Sunday, July 9, 2017


 Welcome to the Desert of the Real.[1] This newsletter is free of charge and directed to anyone who wants better investment results.

The Only Thing Inevitable is the Author’ s Use of the Trite Aphorism: “The Only Things that are Inevitable are Death and Taxes?”

Only one subject will figure prominently in this newsletter. The topic will be the Roth IRA and how to employ it effectively in your retirement planning. 

To begin the discussion, lets take a look the limits for Traditional and Roth IRA contributions. 

They are set out below:

Roth IRA Contribution Limit$5,500$5,500
Roth IRA Contribution Limit if 50 or over$6,500$6,500
Traditional IRA Contribution Limit$5,500$5,500
Traditional IRA Contribution Limit if 50 or over$6,500$6,500

Roth IRA Income Limits (for single filers)Phase-out starts at $118,000; ineligible at $133,000Phase-out starts at $117,000; ineligible at $132,000
Roth IRA Income Limits (for married filing jointly and qualifying widow(er) filers)Phase-out starts at $186,000; ineligible at $196,000Phase-out starts at $184,000; ineligible at $194,000

Before we take up the Roth IRA, let’s do a review of the Traditional IRA. A Traditional IRA, around since the 1970s, allows an income earner to put money into a tax-deferred account.   

Subject to certain restrictions, the IRA account holder then has his adjusted gross income reduced by the amount of his IRA contribution. Basically, the Traditional IRA contribution goes in tax-free. The returns on the IRA account grow tax-free until the account holder withdraws funds from the account. When she withdraws funds, the withdrawals are then taxed at her ordinary income tax rate.

A Traditional IRA holder cannot, subject to certain exceptions, make withdrawals prior to age 59-1/2 without paying a 10% penalt y. A Traditional IRA holder must begin withdrawals at age 70-1/2. Further, the beneficiary of the IRA, upon the account holder’s death, must begin to make withdrawals. In short, a Traditional IRA holder defers, but does not eliminate taxes on the account returns. Sounds good so far, so what’s the catch?

Here are the catches. The intervening years between the 1970s and today have seen huge changes in the tax code that have reduced the anticipated benefits of the Traditional IRA. Also, a key assumption that underlay the rationale for the Traditional IRA was apparently incorrect. Let’s take a look at what went wrong:

1. Tax Bracket Compression. When the IRA law was enacted, individual tax rates were higher Marginal rates could be very high[3]. And there were numerous tax brackets. If you were in a high tax bracket before retirement, you could generally assume you would fall into a lower tax bracket after retirement and pay lower taxes on your IRA withdrawals. Your Traditional IRA would not eliminate taxes, but it would reduce them.

Congress, in the intervening years, has cut top rates and reduced the number of tax brackets. There are now six federal tax brackets,  And if you listen to Donald Trump and the republican house and senate, the rates will be further compressed and lowered to three.  And reduce exemptions and deductions. Of course this White House and Congress have been spectactuarly ineffective at moving any legislation through. So let's not hold our collective breath.

And as tax rates compress, there are less tax savings available for your traditional IRA withdrawals. And if the flat-tax advocates get their way, there would be no bracket reductions to lower your IRA withdrawals.[4] But of course the flat-tax advocates are about as effective as flat-earth advocates as advancing their position.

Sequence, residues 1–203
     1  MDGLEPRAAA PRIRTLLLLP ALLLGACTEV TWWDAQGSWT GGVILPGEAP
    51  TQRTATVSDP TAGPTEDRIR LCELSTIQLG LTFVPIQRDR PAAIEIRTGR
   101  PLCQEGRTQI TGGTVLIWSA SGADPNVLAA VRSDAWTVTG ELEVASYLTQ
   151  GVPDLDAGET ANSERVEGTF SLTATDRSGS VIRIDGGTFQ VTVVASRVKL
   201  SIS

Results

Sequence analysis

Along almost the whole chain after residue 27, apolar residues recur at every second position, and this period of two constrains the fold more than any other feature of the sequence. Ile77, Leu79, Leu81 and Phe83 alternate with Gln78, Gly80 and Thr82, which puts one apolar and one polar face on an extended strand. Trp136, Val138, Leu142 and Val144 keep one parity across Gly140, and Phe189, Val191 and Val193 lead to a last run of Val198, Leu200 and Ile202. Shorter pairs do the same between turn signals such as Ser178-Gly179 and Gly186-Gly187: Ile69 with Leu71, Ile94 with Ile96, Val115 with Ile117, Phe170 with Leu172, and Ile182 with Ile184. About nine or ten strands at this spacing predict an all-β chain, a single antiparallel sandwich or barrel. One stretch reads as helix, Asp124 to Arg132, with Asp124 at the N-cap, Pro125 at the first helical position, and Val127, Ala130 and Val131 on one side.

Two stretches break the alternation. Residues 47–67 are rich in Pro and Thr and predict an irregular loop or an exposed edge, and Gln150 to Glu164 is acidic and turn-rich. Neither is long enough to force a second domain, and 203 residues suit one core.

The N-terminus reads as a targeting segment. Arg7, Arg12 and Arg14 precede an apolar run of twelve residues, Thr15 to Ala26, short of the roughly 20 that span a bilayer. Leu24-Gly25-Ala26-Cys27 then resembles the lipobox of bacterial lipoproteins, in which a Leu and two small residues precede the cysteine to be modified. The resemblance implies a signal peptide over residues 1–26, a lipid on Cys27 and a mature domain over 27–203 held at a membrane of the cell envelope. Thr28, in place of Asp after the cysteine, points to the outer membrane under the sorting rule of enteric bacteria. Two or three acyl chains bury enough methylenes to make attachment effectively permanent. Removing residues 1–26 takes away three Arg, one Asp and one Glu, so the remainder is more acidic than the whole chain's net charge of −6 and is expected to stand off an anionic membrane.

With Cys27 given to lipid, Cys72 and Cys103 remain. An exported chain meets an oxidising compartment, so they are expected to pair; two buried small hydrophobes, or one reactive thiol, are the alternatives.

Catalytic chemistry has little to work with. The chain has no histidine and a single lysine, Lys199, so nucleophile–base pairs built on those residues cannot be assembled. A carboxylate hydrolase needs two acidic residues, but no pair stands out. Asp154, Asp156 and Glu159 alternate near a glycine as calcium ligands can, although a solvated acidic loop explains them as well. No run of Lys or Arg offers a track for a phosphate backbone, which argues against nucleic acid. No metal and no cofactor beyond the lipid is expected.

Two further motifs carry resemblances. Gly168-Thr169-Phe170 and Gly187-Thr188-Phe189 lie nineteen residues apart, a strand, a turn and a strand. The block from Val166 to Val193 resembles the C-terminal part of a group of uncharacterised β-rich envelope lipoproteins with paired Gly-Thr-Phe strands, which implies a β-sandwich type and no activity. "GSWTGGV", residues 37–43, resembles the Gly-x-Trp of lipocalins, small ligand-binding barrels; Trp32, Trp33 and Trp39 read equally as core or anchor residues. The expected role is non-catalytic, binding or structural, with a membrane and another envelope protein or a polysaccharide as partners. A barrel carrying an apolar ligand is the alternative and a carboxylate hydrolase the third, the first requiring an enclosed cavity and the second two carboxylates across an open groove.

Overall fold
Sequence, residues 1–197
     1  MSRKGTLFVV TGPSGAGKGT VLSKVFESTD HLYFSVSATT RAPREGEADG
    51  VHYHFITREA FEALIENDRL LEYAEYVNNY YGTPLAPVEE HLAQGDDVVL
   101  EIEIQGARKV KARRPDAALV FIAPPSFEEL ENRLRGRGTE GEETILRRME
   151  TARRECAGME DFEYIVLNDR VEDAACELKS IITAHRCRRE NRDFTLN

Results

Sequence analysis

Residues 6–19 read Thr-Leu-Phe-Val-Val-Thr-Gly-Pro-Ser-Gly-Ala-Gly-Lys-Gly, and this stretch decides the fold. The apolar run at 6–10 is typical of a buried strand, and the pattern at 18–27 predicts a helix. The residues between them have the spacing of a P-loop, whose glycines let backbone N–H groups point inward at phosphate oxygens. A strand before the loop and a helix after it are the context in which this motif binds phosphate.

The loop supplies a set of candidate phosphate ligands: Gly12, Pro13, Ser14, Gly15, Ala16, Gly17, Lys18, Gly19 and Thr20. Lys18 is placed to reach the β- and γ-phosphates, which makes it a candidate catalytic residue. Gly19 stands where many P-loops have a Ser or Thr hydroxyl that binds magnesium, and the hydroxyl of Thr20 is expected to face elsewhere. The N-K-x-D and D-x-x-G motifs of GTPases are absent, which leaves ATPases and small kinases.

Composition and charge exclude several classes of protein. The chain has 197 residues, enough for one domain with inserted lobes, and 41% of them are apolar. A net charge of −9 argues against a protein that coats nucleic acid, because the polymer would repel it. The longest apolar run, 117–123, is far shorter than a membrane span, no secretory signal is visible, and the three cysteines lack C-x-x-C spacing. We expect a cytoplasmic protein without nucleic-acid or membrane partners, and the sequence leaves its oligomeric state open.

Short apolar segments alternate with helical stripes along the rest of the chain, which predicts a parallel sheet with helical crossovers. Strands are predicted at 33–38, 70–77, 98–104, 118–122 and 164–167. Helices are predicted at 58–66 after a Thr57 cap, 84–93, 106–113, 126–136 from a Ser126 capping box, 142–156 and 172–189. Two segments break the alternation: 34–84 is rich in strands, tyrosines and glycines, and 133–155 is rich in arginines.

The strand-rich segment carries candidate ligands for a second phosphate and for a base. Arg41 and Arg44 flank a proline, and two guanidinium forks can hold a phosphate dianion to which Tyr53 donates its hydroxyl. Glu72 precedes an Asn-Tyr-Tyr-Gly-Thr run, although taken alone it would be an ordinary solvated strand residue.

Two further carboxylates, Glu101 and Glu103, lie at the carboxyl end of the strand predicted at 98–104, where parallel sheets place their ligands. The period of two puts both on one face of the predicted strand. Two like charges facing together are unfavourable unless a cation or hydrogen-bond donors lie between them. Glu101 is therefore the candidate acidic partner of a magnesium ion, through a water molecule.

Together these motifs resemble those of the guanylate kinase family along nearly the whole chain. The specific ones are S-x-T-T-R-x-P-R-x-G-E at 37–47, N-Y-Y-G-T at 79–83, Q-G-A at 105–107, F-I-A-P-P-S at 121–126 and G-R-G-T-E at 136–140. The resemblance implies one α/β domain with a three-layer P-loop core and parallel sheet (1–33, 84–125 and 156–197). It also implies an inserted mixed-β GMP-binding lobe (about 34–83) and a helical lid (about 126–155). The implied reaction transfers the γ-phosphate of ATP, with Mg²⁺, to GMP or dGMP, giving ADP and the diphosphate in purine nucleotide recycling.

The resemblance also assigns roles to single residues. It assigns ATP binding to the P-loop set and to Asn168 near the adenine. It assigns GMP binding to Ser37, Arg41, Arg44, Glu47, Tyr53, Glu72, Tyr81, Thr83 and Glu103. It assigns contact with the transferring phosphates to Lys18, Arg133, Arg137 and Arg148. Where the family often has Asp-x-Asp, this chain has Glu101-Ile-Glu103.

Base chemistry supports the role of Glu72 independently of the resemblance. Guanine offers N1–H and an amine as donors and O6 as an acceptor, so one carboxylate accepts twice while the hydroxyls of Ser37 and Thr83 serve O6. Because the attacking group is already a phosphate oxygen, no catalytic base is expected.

2. What Cut in Retirement Income? In the 1970s it was generally assumed that nearly all Americans would have reduced income in retirement. Few Americans had amassed large retirement savings. Most folks relied on Social Security and a pension. Although the data is somewhat scant, economists are finding that retirees with Traditional IRAs are not taking substantial cuts in income in at least their first few years of retirement. This could be a confluence of two factors.  One is the result of tax bracket compression set out in 1, above. The other factor could be that individuals who took advantage of Traditional IRAs and are now retiring are high-net worth individuals that initially saw the value of Traditional IRAs in the 1970s and 1980s.

And it should additionally be considered that people who began investing in the late 1970s and early 1980s rode the strongest Secular Bull Market in history to unprecedented gains. When it rains, says the versatile aphorism, it pours.

If there are so many things wrong with the Traditional IRA, what is right with the Roth IRA?

The Author is Temporarily out of Alliterative Allusions and Terrific Tropes

The first and foremost advantage of the Roth IRA is that the proceeds are tax-free. All of the returns will be tax-free. The account holder’s contributions are after-tax, so there is not upfront savings. But the long-term benefit far outweighs up-front taxability. The only other concern with the Roth IRA is that high-income individuals cannot take advantage of a ROTH. These limitations are set out above.

Some Examples: (Important Note. These figures are a few years old, but the divergence still holds up.)

Josh and Jenna White are 35 years old. They plan to retire at 35, so they have 30 years until retirement. They do not have a pension plan at work. They can either contribute $8,000 to a Traditional IRA or $8,000 to a Roth IRA. We will assume that when they retire they will be in the 25% tax bracket. If they take a lump-sum distribution when they retire the lump-sum amount will push them into the 35% tax bracket. We will also assume they will get an 8% annualized return.